Why RBI went on the backfoot on rate hikes

  • 31 Jul 2023
  • Read 4 mins read

Putting things into context

As recession and slowdown loom upon the world, a major risk that economies have tried to alleviate is the risk of surging inflation. Hawkish interest rate policies were adopted by central banks across the world. This included the US Fed, Bank of England and even the Reserve Bank of India. However, in the April 2023 monetary policy, announced on 06th April, the RBI announced kept the repo rates unchanged at 6.50%. That was a pleasant surprise; but why?

 

Why this sudden pause in hikes?

There is a joke in financial markets that if you laid all the economists in the world from end to end, they would still not reach a conclusion. In a Bloomberg survey, only 6 out of 33 top economists had bet on flat rates with the other 27 pegging rates higher. However, RBI governor Shaktikanta Das has clarified that this was a pause and not the end of the war against inflation. 

However, India was not alone in hitting the pause button. Other emerging market economies like Indonesia, Malaysia and South Korea having also decided to tone down the hawkishness of central banks. In a way, the RBI has purchased time as this interim period will enable the RBI to efficiently evaluate the overall impact of the 250 bps hike in repo rates on curtailing inflation. Consumer inflation has been consistently above the RBI comfort zone of 6%. 

Were the Indian markets excited by this pause?

This policy infused a general sense of positivity within the economy and in the stock markets. After all, a pause in rate hikes means the pressure on net margins of Indian companies reduces and also it alleviates pressure on the interest coverage ratios. Solvency is likely to start looking a lot better for Indian companies in the days ahead. In the last few weeks, industry and trade bodies had been urging the RBI to go slow on rate hikes. On the latest status quo decision, the consensus is that the RBI has made the right call by being patient even as the global market is volatile. While an upside risk to inflation exists due to uncertainties around oil prices and monsoon performances, it is wiser to be safe than sorry by pushing monetary tightness at all costs.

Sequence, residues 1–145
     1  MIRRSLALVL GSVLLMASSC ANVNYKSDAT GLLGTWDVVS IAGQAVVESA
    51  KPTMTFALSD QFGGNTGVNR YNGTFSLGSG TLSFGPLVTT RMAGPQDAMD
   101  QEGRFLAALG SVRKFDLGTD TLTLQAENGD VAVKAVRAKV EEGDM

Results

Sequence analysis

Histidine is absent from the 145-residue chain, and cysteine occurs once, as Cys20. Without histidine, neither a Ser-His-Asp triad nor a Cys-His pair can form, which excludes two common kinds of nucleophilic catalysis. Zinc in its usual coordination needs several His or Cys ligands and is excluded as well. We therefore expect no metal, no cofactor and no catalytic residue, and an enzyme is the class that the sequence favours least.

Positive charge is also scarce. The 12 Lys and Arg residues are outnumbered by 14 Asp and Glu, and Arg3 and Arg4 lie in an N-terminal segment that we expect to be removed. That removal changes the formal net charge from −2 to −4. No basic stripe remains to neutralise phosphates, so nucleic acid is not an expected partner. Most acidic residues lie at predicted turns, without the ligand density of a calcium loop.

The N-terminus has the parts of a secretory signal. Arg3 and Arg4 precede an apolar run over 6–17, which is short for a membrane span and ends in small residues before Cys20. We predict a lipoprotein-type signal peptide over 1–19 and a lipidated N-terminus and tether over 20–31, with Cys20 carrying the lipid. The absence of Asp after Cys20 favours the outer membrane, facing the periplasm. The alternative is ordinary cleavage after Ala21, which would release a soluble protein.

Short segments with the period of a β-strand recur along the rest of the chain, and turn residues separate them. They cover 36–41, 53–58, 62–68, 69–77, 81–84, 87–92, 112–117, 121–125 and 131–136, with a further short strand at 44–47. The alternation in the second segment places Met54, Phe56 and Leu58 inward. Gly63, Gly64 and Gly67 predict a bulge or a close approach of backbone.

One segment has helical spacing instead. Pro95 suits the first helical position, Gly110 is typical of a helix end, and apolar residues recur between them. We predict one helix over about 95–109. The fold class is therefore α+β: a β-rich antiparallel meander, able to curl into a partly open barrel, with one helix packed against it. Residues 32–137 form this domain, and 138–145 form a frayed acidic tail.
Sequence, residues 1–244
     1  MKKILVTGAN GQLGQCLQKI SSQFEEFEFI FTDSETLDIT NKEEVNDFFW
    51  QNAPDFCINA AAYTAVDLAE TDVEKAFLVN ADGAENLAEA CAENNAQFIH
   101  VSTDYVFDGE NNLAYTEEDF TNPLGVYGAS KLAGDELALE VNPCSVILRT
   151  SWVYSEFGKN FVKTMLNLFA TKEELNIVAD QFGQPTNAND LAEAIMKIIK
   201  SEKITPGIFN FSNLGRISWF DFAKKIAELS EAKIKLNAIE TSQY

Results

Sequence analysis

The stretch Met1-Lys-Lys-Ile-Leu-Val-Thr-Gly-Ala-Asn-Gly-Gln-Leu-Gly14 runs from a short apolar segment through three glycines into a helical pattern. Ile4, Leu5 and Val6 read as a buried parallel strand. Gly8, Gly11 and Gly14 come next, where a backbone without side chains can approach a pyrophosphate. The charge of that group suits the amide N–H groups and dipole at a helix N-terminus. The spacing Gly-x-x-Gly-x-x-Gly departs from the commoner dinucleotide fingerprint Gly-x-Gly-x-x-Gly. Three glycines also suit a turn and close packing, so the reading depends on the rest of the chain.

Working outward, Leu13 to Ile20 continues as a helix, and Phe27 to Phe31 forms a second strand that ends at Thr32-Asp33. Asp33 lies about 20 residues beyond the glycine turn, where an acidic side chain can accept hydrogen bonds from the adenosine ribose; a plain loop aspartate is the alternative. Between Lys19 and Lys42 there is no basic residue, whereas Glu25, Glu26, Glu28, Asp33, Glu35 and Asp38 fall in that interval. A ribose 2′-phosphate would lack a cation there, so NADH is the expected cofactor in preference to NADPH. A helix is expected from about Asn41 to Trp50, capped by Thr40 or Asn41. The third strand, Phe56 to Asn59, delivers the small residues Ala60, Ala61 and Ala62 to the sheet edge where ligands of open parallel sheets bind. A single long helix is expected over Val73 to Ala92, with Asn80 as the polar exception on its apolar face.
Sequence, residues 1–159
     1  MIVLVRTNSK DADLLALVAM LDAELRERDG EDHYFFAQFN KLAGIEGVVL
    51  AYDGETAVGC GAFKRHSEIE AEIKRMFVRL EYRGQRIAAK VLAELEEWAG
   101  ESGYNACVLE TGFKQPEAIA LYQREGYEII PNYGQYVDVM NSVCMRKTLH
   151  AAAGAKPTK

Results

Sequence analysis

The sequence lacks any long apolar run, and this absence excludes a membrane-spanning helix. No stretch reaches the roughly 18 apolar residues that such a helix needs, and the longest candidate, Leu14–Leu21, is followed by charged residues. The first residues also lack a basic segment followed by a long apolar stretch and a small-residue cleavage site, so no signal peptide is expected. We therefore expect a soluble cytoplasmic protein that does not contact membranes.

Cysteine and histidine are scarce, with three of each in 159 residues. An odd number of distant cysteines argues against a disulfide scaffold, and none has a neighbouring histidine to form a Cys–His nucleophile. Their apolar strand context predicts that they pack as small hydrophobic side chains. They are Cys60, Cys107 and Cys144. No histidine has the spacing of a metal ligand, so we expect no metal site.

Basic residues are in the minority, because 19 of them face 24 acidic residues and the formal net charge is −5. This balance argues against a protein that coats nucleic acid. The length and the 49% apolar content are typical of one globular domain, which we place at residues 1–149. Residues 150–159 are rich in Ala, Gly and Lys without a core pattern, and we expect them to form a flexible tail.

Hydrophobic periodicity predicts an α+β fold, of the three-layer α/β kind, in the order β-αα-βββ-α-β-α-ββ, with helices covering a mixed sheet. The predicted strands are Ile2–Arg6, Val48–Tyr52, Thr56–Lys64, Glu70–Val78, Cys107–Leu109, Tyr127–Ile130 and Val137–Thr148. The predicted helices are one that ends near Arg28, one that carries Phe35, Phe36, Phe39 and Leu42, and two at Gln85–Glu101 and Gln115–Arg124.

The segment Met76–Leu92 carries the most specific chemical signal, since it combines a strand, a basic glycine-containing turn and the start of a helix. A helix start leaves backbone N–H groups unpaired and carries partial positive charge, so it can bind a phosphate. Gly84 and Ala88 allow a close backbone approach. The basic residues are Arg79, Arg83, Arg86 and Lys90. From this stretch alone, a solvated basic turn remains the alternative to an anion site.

Global banking crisis could worsen

The likes of Jamie Dimon of JP Morgan have highlighted that the global banking crisis may have been temporarily subdued, but it was far from over. The banking crisis that afflicted the likes of SVB Bank and Signature Bank was partly due to bad asset decisions and partly due to higher interest rates resulting in capital losses in the bond portfolio. While in India, there is not much of a banking crisis, the pressure on corporate bottom lines and their solvency ratios is building up. That was the big reason for the RBI to pause on rate hikes. RBI has stayed steady on rates despite Fed hawkishness. Just goes to show that RBI is willing to chart its own monetary path!

Source : Live Mint